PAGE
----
Keep us updated.

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  • FiendishrabbitFiendishrabbit Registered User regular
    Has it metastasized or is the stage 4 limited to nearby tissue?

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  • Shark_MegaByteShark_MegaByte Registered User regular
    edited September 2016
    "Very aggressive" is polite code for saying they're going to pummel her body until they have to stop because any more would kill her. And then she gets a tiny break before they do it again.

    The doctors are working for you. They're experts, but you're the client (on your daughter's behalf). Ask questions. You need to be informed and updated. They make recommendations but you make the decisions. This is not revolutionary; this is the way it's supposed to be. Most people just are not proactive enough to speak up if they feel they aren't getting the info they need, or that the docs might be wrong about something. They are highly trained but they are human, and the gap in training creates big communication challenges. Don't just step aside and shut up - ever.

    (- stage 3 rhabdomyosarcoma at 3 years old)

    Shark_MegaByte on
    ElvenshaeFiendishrabbit
  • DisenchanterDisenchanter Magnolia, DERegistered User regular
    We got all of the pathology back last Thursday, they have no indication that is has metastasized, so it is stage 4 limited to the large mass behind left lung, the lymph nodes in close proximity to said mass, and the ribs and vertebrate within close proximity.

    During our visit Thursday, hey walked my ex-wife and I through the list of medications that she will be given during each stage of her treatment, and the larger bullet pointed side effects for each, as well as sending us home with the full list of side effects for each. Doctor gave his personal cell in the event that we have any questions regarding anything.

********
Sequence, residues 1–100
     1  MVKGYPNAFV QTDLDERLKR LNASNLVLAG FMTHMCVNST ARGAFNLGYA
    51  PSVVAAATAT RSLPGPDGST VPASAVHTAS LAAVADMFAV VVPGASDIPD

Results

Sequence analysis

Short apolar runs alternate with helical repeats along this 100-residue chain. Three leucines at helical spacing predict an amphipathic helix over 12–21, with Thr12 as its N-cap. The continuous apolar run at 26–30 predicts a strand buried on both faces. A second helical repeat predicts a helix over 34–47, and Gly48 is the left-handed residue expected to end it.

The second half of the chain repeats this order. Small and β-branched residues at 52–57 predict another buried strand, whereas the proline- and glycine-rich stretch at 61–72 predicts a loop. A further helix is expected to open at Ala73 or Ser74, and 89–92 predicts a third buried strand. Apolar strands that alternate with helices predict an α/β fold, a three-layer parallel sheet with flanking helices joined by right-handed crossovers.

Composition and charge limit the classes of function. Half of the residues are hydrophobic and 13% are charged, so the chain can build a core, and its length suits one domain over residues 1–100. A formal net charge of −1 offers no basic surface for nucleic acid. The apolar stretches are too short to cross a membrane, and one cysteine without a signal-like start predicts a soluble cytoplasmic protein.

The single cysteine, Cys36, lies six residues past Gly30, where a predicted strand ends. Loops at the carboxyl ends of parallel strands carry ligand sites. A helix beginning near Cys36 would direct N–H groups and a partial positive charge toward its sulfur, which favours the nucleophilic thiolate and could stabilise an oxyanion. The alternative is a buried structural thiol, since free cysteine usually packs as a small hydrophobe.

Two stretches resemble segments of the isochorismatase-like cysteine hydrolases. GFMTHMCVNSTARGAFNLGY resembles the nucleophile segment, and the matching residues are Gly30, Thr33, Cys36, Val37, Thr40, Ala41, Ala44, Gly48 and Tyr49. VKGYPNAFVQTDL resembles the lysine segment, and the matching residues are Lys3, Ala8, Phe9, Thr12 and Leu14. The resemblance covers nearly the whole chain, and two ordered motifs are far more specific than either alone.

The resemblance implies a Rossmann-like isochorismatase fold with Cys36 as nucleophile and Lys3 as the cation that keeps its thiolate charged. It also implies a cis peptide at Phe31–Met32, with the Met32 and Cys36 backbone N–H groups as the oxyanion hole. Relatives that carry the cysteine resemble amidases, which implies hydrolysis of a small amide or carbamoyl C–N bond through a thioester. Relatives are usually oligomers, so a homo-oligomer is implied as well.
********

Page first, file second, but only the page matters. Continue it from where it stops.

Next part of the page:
They also gave us the "road map", detailing her inpatient stays, outpatient visits, and labs, for her treatment and made sure to tell us that this is written in pencil, not stone. Due to how this all works, her number of inpatient days are most likely going to increase, since any slight sign of her getting sick will result in being admitted for observation.

    She was supposed to start her treatments Friday, but due to her inability to have a specific kidney function test done, postponed it until Tuesday when the test can be performed, and afterward she will get her first treatment.

    Her doctor assured us that the treatment for what is now being called Ewings Sarcoma, is going to be fairly routine for now, nothing experimental, just what has worked historically. Which is a bit of good news compared to when it was being called a Neuroblastoma, which there is no routine treatment for at "Stage M" otherwise known at "Stage 4".